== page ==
Tuesday, April 7, 2009


Louie Dick, Pete Quaempts, and others drummers during a Seven Drums gathering on the Umatilla Reservation in the 1970s. Photo by Buckaroo Bob

Here's another installment of my Great American Lesbian Novel (in progress), Ginny Bates. If you are new to reading GB, go to the section in the right-hand column labeled Ginny Bates to read background and find out how to catch up.

Wednesday-Saturday, 18-21 December, 2019

For dinner, Myra baked salmon a la Ginny with wild rice, gooseberries and pine nuts. Allie made cornbread, Edwina roasted beets with whole heads of garlic, and Myra assembled a pecan pie for dessert. Though the meal was of Chris's favorites, intended to spark her appetite, she ate only a few bites of each item.

“Are you queasy?” asked Sima.

“No. Just not hungry. I think maybe it's the IV keeping the juices flowing” said Chris. “Plus, I was a skinny minnie when I was on drugs, never wanted to eat.”

“You were chunky when you got out of the hospital” said Myra.

“But that was bloat” said Chris. “The meds they gave me caused that. I lost it as I detoxed.”

“I remember” said Myra. “You wore your old peacoat until it got big on you. Refused to buy a leather jacket until you were back to what you called fighting shape.”

“I remember that leather jacket” said Sima softly. “Do you still have the fedora that went with it?”

“Yeah, in a hatbox at the house” said Chris, grinning. “Listen, I'm really missing the little ones. I know it's a school night, but could we call them after dinner and have an hour of singing?”

“I love that idea” said Edwina. As Margie cleared the table, Allie and Myra turned around the couch to face the table and dialed in to Gillam's number. Ginny kept painting but sang along. Myra noticed that Lucia's gaze never wavered from Chris, although David was more focused on Sima.

She was caught off guard as they began singing “Shenandoah”. She was next to Chris and could hear her most clearly. When Chris's voice pulsed with emotion during the lines

Oh, Shenandoah
I love your daughter
Away, I'm bound away
'Cross the wide Missouri

Myra found herself crying. Chris took her hand and they all kept on.

Margie returned to the motel with Allie and Edwina when Chris took herself to bed early. Myra decided to lie down on the couch instead of going to bed alone. She asked Ginny to wake her up when Ginny went to sleep. It was shortly before dawn when Ginny shook her, eating a biscuit stuffed with salmon.

“I finished the painting. Let's go to bed” she whispered. As Myra wrapped herself around Ginny in their bed, smelling fish and linseed oil, she thought about Mimi as she was now, that age and size, roaming this wilderness like Chris had, following a creek and surviving because she kept herself from the reach of other human beings. She began shivering, and Ginny squeezed her tight though she was already asleep.

Myra slept in with Ginny, but finally got up at 10:00, leaving Ginny with the comforter tucked around her. Edwina was alone at the table. “Margie's at the motel, working on something, and Allie went with Sima and Chris” she reported. “There's potato pancakes in the oven.”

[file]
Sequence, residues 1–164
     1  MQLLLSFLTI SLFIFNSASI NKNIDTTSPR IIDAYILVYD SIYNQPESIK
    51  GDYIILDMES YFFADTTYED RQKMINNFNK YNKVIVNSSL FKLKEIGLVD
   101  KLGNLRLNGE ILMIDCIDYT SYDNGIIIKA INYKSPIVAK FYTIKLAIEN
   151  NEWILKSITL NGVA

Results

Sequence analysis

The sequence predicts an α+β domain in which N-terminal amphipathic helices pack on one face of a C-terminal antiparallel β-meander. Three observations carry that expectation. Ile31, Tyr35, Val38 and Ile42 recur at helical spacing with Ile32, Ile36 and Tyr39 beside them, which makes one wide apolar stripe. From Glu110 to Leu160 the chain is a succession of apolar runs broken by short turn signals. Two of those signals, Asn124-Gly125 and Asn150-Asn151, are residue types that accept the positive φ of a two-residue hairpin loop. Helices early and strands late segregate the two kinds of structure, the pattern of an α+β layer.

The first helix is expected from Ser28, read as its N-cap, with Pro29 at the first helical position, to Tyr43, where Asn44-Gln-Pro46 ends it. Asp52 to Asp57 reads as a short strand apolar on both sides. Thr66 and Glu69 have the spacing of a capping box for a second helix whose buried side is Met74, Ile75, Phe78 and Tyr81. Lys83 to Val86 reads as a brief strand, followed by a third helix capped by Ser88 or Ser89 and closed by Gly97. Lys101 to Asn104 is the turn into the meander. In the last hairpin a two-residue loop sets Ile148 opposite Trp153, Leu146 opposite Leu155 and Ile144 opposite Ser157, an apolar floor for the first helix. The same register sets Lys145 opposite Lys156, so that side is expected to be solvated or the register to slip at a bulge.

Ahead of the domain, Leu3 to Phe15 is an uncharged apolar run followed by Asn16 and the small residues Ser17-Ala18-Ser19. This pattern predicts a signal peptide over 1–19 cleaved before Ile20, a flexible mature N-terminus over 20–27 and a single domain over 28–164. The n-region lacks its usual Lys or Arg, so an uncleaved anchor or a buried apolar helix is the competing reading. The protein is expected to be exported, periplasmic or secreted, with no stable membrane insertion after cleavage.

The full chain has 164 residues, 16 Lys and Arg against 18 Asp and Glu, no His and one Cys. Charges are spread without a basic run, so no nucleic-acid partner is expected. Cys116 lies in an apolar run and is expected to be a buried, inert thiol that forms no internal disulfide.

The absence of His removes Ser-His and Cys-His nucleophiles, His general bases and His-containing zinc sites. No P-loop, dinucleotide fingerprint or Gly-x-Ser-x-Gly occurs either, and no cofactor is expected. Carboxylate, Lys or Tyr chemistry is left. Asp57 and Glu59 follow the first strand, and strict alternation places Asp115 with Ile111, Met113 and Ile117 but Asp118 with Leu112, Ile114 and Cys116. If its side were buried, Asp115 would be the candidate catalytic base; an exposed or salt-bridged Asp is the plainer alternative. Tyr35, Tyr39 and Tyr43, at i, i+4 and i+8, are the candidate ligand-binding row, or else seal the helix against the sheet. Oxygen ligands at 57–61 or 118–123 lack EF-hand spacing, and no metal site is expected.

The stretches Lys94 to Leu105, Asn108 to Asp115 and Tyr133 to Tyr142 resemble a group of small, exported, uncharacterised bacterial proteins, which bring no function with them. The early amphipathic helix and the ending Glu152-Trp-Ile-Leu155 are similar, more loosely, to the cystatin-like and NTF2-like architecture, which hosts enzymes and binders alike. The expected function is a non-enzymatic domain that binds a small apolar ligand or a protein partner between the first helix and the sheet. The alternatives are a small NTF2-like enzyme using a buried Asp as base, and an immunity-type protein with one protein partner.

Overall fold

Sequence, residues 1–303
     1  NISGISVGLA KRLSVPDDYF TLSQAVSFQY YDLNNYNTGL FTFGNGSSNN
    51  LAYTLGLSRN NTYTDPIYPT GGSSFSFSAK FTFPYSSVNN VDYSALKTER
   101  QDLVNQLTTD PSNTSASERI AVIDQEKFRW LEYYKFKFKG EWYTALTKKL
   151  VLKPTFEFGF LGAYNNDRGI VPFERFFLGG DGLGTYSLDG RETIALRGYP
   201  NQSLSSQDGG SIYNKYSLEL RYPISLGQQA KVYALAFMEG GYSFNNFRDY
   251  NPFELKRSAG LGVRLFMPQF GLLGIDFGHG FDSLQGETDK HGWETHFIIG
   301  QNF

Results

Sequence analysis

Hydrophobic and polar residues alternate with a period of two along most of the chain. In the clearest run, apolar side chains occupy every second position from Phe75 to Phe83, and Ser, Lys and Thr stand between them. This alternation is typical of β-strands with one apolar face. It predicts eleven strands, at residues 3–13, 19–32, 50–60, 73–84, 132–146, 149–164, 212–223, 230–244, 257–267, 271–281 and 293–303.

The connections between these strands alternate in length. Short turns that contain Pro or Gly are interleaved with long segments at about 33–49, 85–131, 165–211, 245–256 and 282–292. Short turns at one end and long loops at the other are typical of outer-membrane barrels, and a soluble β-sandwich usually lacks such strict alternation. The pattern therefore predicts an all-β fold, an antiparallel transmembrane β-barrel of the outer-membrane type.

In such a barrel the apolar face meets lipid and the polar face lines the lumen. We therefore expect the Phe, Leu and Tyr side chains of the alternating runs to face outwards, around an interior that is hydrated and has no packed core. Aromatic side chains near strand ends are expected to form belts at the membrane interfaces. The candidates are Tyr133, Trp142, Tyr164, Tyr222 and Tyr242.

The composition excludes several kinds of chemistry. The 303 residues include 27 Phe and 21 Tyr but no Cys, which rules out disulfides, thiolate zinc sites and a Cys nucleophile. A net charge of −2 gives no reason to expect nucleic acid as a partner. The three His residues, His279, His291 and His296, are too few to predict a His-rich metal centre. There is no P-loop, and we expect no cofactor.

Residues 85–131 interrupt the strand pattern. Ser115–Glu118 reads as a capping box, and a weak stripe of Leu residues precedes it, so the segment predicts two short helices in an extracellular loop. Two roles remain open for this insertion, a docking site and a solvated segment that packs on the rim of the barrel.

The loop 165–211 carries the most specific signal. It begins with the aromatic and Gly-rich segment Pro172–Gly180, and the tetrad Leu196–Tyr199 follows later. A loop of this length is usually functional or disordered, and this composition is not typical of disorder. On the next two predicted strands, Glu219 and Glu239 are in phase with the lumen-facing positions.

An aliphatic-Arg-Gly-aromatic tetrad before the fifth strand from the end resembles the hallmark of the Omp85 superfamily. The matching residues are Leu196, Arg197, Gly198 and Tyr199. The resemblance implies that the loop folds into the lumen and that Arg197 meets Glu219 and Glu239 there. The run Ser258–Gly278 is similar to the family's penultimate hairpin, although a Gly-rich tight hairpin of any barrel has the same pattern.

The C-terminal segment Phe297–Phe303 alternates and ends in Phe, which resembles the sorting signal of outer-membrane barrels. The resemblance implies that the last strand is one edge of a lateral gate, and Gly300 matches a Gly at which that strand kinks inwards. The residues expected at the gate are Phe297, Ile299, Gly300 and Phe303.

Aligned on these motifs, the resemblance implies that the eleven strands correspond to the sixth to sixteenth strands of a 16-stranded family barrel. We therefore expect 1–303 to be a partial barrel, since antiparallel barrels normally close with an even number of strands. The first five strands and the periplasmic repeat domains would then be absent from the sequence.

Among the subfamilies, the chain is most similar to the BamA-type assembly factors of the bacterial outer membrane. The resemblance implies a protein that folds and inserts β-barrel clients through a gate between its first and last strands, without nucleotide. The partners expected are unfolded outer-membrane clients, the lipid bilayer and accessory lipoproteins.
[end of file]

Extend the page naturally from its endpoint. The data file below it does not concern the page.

Myra made hot chocolate to go with her potatoes and a few leftover slices of beet, topping them both with sour cream. Edwina said “She smells funny.”

“Who? Allie? Is it ketones?” said Myra, suddenly frightened.

“No, Chris. And it's not ketones, but it's something chemical like that” said Edwina. “Even with all the peppermint oil we keep rubbing on her hands and feet.”

“Bernie comes this afternoon, let's ask her about it” said Myra, her stomach clenching again.

“Are you going to move Sima in with you?” asked Edwina.

“I haven't brought it up with Ginny yet, but I'm assuming we'll offer” said Myra. “Look, could we not talk about – the elephant in the room – until I'm done eating?”

Edwina went silent. After a minute, Myra said “I don't mean to shut you up. I know you're contending with more than your share of freak-out, yours plus Allie's.”

“We're not having enough time alone, enough time doing what gives us balance” said Edwina. “I mean, we'll make it, of course, whatever it takes. But it's ragged all the time.”

“I'm worried about the kids. I feel bad about leaving Jane and Gillam alone with it” said Myra. Edwina went back to her laptop until Myra was nearly done. She looked up and said “I'm almost five years older than Allie.”

“I know.”

“I need to know you'll make sure she's okay, if I go first.” Edwina's face was nakedly vulnerable.

“I'll make sure. And I ask the same of you.”

“I promise.” After a minute, Edwina said “But, of course, nothing is ever going to be the same.”

Margie arrived for lunch, carrying a leather map case and an unstoppable grin on her face. Chris ate three bites of soup and a tiny sliver of pie. After the table was cleared, Margie scrubbed it down and dried it before going to the door of the bedroom where Ginny was still asleep and saying “Mom? Can you wake up, Mama, you're part of this.”

Ginny got dressed and went to the bathroom before shambling in to sit next to Myra. Margie said “Does one of you want to do the introduction?”

Myra said “You've done all the legwork, I think you should present it.”

Margie shifted from one foot to the other excitedly. “Okay, then. First of all, Aunt Chris, we now own this house, the meadow behind it and a strip all the way to the creek. It's in my name for the time being, but we can do whatever you want with it.”

“My god” said Chris. “You bought it?”

“Wasn't hard, actually, not that part. It's being going unrented for months at a time, too far away for families but not far enough away from the antisocial, lack of TV reception – we got it at a good price. And here's my idea: We rent it out weekly or monthly as an artist retreat. Advertise in all the fancy rags as a place to come be rustic. I mean, leave it mostly as it is, except put a deck and hot tub in the back -- “